Improving patient safety and quality of care for patients receiving electroconvulsive therapy
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Improving patient safety and quality of care for patients receiving electroconvulsive therapy

Stephen Kelly ECT co-ordinator/clinical manager, Greater Glasgow and Clyde ECT Suite
Linda Kelly Lecturer in adult health, University of the West of Scotland, Hamilton

Stephen Kelly and Linda Kelly show how staff providing this controversial treatment created a service that is regarded as a benchmark of excellence at a hospital in Scotland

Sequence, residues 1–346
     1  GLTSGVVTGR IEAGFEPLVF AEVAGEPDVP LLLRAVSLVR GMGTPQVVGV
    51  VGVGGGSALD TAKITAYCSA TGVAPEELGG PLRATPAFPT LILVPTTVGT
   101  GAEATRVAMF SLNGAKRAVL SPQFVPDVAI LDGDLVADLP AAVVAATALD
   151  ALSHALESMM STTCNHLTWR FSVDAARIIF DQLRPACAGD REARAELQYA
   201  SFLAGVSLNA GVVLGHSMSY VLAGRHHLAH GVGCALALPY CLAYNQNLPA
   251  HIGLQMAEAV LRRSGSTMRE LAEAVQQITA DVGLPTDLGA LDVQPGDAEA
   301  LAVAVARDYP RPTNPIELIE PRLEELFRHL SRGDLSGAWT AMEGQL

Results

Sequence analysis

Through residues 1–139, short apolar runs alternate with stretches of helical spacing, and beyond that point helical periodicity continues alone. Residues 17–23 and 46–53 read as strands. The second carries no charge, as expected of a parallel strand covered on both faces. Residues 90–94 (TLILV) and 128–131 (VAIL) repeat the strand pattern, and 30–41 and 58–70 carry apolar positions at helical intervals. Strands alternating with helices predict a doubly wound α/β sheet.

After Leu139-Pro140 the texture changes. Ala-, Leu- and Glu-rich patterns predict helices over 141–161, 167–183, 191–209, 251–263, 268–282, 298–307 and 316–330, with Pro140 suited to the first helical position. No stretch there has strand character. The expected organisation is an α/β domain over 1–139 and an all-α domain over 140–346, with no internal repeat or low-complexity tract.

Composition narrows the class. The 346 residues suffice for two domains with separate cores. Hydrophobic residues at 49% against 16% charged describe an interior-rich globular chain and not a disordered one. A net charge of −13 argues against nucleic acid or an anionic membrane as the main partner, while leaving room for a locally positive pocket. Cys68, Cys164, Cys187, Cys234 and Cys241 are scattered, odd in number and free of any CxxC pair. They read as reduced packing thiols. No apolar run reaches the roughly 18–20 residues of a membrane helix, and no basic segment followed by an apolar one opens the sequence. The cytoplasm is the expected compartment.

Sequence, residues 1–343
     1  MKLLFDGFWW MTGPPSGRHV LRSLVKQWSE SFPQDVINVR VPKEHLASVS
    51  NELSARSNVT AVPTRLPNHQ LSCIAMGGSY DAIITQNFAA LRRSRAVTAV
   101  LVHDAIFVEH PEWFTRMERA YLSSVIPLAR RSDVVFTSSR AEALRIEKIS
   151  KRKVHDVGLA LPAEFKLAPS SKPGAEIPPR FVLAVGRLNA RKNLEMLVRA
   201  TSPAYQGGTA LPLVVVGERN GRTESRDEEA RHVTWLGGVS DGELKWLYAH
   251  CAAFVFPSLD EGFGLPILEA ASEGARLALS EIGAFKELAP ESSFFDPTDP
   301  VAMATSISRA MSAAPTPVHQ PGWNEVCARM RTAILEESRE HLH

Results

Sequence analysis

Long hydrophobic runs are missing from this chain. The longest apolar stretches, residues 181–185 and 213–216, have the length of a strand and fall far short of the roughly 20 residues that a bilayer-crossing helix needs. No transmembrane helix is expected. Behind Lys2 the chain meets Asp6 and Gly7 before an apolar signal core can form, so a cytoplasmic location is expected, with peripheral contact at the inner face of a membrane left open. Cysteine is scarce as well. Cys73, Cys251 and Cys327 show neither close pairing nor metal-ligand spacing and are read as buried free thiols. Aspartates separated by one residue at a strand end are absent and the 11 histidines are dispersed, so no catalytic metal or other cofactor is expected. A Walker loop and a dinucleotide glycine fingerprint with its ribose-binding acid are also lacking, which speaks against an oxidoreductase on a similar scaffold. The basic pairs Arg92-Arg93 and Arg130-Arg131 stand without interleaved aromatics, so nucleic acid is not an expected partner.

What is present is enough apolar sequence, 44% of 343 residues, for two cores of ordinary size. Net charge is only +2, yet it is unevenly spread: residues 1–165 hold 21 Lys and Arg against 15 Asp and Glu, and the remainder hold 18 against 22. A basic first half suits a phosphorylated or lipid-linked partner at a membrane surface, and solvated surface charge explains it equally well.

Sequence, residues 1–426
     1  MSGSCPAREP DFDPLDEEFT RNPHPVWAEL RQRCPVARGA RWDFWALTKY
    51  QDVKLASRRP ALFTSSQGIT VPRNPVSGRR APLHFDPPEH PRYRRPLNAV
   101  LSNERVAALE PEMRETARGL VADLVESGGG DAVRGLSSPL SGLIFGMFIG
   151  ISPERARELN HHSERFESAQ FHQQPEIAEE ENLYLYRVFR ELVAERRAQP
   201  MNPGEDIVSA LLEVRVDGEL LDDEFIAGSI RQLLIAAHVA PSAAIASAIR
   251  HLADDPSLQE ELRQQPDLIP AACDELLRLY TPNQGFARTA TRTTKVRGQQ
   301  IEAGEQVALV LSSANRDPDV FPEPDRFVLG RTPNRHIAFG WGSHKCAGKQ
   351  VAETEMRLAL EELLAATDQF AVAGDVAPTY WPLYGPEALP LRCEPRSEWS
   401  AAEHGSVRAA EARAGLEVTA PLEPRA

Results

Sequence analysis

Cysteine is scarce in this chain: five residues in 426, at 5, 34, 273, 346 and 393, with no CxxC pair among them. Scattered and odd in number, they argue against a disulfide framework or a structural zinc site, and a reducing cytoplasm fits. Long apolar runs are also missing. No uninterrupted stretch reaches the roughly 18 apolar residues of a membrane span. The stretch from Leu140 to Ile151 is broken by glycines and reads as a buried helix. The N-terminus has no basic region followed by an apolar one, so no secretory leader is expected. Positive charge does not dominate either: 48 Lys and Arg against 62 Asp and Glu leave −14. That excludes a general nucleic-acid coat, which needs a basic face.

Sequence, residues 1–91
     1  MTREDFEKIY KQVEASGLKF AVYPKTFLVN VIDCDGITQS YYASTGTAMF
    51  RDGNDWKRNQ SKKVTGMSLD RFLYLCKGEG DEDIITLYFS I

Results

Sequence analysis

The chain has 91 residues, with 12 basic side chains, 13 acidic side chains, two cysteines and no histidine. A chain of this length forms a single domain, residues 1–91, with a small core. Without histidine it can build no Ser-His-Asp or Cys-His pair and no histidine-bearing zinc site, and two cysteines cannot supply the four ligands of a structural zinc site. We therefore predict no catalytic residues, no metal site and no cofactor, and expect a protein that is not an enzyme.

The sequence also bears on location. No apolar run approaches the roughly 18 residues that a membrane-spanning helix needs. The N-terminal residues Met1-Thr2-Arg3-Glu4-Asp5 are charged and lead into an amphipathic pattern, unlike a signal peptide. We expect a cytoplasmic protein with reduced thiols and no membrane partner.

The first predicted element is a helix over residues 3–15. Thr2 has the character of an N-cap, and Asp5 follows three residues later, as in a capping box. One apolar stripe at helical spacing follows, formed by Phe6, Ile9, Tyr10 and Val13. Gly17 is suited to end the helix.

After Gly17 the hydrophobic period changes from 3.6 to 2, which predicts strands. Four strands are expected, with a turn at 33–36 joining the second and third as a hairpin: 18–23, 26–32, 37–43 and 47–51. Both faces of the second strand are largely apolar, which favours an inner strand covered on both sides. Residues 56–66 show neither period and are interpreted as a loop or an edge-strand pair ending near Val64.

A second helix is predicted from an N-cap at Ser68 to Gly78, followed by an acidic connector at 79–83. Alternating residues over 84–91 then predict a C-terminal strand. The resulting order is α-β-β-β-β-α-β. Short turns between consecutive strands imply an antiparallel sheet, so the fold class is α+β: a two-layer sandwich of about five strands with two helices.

A variety of psychiatric disorders have been treated with electroconvulsive therapy (ECT) since the late 1930s, but myths and misconceptions held by the general public, clinicians, and patients about it have continued ever since. In many psychiatric hospitals the departments delivering ECT have been underfunded and have a low profile. This article explains how support and funding was acquired to develop an ECT service that has improved patient care and safety. This development has also raised the profile of this often-controversial treatment in the local health board.

Mental Health Practice. 17, 5, 35-39. doi: 10.7748/mhp2014.02.17.5.35.e853

Correspondence

stephen.kelly@ggc.scot.nhs.uk

Peer review

This article has been subject to double blind peer review

Conflict of interest

None declared

Received: 10 February 2013

Accepted: 04 March 2013

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